Station Spacewalkers to Install Electrical Monitor

Aug 01, 2006
Station Spacewalkers to Install Electrical Monitor
Jeff Williams participates in the first session of extravehicular activity performed by the Expedition 13 crew. Image credit: NASA

Space Station crew members Jeff Williams and Thomas Reiter will work to avoid future shocks during a scheduled 6-hour-plus spacewalk Aug. 3. They also will have a third station crew member for the first time in more than three years. Expedition 13 Commander Pavel Vinogradov will coach them through their prebreathe exercise program and help them suit up for their outing.

The station crew was reduced to two members in May 2003 in the wake of the Columbia accident. Since then, spacewalkers have had to reconfigure station systems before donning their spacesuits without help.

Once the spacewalk begins, Williams and Reiter will be coached through their tasks by Astronaut Steve Bowen. He will act as spacewalk intravehicular officer from the International Space Station Flight Control Room in Houston's Mission Control Center.

The first and longest major task of the spacewalk is installation of the Floating Potential Measurement Unit (FPMU). That device is designed to measure the electrical potential of the station so ways can be verified or devised to minimize arcing hazards as the ISS grows.

Williams, designated lead spacewalker (EV1), will wear the U.S. spacesuit with red stripes. Reiter, EV2, will wear the all-white suit.

They will spend about half an hour setting up equipment after they emerge from the Quest airlock shortly before 10 a.m. EDT. They'll then move with the FPMU to a camera mount near the upper outboard end of the S1 (starboard one) truss. Total time allotted for the installation is 1 hour, 50 minutes.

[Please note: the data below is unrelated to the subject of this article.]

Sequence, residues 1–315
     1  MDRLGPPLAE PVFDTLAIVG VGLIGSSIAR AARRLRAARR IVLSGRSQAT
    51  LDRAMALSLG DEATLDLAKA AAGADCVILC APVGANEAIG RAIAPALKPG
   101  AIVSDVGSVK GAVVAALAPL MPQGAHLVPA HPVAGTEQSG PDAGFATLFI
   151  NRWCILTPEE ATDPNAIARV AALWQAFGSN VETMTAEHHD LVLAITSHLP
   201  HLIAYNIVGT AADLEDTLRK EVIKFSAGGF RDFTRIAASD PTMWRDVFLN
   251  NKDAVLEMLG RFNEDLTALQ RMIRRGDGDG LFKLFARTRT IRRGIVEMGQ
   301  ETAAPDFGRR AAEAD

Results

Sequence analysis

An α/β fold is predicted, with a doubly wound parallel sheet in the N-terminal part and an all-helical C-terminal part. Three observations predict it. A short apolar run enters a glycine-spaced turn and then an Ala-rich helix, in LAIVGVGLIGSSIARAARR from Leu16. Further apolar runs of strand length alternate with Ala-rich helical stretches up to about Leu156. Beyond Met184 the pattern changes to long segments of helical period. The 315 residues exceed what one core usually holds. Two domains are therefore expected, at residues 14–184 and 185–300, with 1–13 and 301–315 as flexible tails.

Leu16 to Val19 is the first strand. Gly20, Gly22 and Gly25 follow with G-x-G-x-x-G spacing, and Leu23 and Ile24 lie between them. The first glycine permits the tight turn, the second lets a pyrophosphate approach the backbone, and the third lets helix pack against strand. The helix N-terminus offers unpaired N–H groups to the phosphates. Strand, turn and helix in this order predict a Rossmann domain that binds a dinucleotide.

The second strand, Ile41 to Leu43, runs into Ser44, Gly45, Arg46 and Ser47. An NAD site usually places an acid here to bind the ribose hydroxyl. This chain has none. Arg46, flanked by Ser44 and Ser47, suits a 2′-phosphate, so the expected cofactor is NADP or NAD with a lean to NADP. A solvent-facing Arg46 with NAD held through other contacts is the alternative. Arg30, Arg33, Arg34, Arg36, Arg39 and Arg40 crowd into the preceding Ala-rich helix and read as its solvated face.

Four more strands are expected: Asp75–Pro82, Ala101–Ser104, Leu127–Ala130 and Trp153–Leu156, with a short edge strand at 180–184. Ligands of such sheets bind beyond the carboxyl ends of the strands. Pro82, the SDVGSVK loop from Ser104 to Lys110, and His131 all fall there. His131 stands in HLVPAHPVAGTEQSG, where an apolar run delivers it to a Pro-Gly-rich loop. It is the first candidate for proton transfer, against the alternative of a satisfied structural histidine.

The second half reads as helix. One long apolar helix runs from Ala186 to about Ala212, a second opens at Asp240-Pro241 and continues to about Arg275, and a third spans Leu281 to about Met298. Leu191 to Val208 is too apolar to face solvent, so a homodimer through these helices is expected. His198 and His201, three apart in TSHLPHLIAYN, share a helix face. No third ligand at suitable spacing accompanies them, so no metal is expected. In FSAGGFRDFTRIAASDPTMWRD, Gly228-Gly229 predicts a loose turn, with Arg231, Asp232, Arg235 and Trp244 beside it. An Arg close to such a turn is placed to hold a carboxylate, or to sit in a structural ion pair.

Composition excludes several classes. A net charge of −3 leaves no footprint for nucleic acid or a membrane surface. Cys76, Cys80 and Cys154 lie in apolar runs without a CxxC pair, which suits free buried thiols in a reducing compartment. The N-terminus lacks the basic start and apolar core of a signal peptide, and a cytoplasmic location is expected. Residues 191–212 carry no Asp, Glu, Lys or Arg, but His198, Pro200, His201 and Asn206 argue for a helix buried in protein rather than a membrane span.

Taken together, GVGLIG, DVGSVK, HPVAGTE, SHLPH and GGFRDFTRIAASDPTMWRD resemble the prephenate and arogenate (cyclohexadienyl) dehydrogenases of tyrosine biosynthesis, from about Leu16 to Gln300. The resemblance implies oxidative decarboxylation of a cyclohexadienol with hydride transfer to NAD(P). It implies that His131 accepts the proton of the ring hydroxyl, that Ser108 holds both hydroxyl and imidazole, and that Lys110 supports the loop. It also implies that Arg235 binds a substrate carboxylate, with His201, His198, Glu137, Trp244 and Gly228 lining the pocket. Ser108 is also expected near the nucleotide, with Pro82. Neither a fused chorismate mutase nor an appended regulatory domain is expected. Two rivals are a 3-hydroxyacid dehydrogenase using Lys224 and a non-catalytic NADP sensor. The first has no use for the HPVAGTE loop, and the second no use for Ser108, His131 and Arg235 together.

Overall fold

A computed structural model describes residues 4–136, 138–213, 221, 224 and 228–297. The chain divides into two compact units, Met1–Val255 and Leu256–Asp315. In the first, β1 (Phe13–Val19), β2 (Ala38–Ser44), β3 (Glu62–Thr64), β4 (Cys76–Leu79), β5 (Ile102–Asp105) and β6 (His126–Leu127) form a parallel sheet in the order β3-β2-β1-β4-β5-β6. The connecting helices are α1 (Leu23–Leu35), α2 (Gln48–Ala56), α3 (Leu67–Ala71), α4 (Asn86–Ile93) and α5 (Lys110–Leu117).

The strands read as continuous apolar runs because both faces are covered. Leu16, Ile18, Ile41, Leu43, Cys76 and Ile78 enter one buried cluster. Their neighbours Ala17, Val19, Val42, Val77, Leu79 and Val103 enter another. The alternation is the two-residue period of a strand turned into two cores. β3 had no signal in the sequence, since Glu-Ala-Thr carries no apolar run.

Next they'll move back to the airlock. There they'll install two Materials on International Space Station Experiment (MISSE) containers. MISSE 3 goes on one of the high-pressure tanks around the crew lock, while MISSE 4 is set up on Quest's outboard end.

The experiment, housed in suitcase-like containers left open, looks at the long-time effects of space on a variety of materials. The idea is to identify optimal materials for use in future spacecraft.

A little over three hours into the spacewalk, Williams will install a controller for a thermal radiator rotary joint on the S1 truss. Meanwhile, Reiter will replace a computer on S1.

While Reiter finishes that task, Williams will begin installation of a starboard jumper and spool positioning device (SPD) on S1. Reiter will inspect a radiator beam valve module SPD site and install one there if necessary, then move on to install a port jumper and SPD.

The jumpers are designed to improve the flow of ammonia through the radiators once that coolant is installed.

Williams will begin setup for the final major task, test of an infrared camera designed to detect damage in a shuttle's reinforced carbon carbon (RCC) thermal protection. The camera is designed to detect damage by variations in temperature between sound and damaged RCC test sections.

After possible get-ahead tasks by Reiter and perhaps Williams and 30 minutes of cleanup, airlock entry and pressurization, the spacewalk is scheduled to end at 4:15 p.m.

This is the third spacewalk for both Williams and Reiter. It is the 69th spacewalk to support station assembly and maintenance and the 22nd from the Quest airlock.

Source: NASA

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